It sounds like you are giving a regular lecture where you will do most/all of the talking. In this case, get feedback from the students during the course and adapt your lectures without compromising your standards (like a formative evaluation). It is often hard to gauge their level of knowledge, attention, interest, etc. and thus how the course should look like. Your high knowledge might be a disadvantage if you cannot take the perspective of the students, what they know and can comprehend (e.g., you assume that they know -- and remember it immediately -- something your talk builds upon but most will fail to do so). So you likely will need to modify your style. In my courses students fill out a sheet of paper which asks them about how well the a) presentation, b) discussion, c) slides, d) other aspects were. It usually gives me (and the student presenters) good feedback. You might want to ask more specific questions, e.g., regarding aspects of the content that were clear and those that were unclear.

Regarding feedback, keep in mind that there will always be 1 or 2 people who will hate what you do no matter what you do. These people can be very salient, so make sure you talk to those who are interested as well. And especially if you are unsure about your teaching abilities, be careful what you take from feedback. It should improve your current and future work. Some will be personal preference of the students (unless there's a strong majority opinion, tough, but keep your own style), but what is interesting are barriers to comprehension. Remove those if you can (either by improving the explanations or pointing them to additional material they have to read about it, and keep in mind that you cannot make someone learn and they have to do their part). Otherwise don't sweat negative feedback.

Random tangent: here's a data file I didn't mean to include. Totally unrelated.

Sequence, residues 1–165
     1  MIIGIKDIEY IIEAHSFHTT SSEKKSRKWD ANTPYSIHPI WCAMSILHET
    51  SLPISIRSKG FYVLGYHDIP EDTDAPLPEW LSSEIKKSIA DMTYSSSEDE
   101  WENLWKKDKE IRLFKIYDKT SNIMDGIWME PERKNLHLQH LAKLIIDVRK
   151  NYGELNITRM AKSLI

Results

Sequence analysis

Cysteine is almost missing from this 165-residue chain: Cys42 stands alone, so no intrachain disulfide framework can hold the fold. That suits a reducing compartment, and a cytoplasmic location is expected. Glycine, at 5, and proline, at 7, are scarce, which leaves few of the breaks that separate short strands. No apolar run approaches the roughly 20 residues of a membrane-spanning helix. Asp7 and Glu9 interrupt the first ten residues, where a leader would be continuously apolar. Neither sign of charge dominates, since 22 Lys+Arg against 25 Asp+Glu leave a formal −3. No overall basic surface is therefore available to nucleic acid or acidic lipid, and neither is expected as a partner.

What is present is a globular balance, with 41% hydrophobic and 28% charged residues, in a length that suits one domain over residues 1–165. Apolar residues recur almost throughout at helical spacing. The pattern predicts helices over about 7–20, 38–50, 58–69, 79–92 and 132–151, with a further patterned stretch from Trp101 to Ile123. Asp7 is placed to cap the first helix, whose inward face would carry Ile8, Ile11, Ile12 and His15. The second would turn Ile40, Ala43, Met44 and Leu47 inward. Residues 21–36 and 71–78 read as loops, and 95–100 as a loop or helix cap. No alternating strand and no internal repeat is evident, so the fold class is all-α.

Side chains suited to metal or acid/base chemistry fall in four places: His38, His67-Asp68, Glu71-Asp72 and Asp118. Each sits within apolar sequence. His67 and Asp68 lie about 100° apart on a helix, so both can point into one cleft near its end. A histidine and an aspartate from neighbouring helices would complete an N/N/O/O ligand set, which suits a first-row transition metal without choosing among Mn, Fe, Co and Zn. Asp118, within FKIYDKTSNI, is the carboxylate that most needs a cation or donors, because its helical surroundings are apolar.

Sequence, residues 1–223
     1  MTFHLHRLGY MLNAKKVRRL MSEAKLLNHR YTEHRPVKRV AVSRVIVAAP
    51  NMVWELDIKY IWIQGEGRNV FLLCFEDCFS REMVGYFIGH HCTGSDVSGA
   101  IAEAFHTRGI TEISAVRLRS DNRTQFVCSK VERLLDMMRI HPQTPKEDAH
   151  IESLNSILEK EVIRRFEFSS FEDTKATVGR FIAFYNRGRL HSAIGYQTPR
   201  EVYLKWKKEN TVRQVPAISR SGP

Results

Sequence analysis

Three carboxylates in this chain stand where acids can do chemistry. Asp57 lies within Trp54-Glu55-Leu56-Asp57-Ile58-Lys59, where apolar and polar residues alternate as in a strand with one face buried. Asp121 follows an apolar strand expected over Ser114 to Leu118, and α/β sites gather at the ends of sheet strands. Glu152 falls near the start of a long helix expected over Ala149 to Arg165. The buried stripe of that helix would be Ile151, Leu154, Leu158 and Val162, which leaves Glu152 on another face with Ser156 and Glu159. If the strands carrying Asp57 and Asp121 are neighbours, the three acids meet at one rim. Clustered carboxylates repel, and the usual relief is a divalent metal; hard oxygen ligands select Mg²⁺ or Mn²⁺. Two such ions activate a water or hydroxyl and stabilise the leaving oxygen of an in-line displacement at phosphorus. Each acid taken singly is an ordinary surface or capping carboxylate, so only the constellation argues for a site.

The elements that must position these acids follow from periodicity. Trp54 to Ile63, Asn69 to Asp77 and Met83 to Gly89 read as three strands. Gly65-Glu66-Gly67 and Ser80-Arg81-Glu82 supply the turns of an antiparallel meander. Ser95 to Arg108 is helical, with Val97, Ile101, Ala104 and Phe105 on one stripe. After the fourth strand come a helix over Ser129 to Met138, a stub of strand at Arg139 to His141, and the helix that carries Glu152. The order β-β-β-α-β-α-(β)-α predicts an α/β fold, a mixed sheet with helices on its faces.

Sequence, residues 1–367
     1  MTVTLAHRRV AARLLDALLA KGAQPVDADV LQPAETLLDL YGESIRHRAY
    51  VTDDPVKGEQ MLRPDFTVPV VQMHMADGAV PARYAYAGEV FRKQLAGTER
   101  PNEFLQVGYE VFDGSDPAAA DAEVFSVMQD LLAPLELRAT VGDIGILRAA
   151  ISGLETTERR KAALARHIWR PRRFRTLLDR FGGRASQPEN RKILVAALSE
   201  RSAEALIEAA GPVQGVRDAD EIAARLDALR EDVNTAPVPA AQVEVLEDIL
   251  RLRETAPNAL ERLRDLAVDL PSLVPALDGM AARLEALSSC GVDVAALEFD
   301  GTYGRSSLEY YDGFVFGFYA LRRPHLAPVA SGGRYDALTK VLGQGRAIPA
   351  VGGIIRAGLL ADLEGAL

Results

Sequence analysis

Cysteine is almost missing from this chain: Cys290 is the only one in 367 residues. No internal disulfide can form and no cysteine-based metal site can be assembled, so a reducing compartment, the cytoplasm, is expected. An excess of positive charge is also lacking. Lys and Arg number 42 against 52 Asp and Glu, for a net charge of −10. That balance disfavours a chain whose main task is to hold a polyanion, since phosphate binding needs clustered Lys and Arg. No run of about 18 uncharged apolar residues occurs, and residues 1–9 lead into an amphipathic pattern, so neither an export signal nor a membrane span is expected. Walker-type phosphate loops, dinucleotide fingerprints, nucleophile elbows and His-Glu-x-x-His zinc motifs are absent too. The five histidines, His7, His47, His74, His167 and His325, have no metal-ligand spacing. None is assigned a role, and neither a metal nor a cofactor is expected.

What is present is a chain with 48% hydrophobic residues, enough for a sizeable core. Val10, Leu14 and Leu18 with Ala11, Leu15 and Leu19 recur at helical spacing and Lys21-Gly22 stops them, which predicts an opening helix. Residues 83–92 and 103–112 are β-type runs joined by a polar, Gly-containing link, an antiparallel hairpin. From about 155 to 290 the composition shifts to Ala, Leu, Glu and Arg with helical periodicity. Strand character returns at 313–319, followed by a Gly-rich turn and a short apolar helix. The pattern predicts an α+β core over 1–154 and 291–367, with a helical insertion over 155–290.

There are other forms of giving a course, which are more constructivist and involve more contribution by the participants instead of them just listening to you (e.g., assigning projects, discussions, student presentations, etc.). However, planing such a course would take more than a week. You can make your course more participatory even if it is a lecture, if you can pull something off like Sandel did with his Harvard "Justice" lecture: http://www.justiceharvard.org

Regarding academic talks, I found this document by Paul N. Edwards really helpful: http://pne.people.si.umich.edu/PDF/howtotalk.pdf (much that I knew, but useful to see it written down in one document).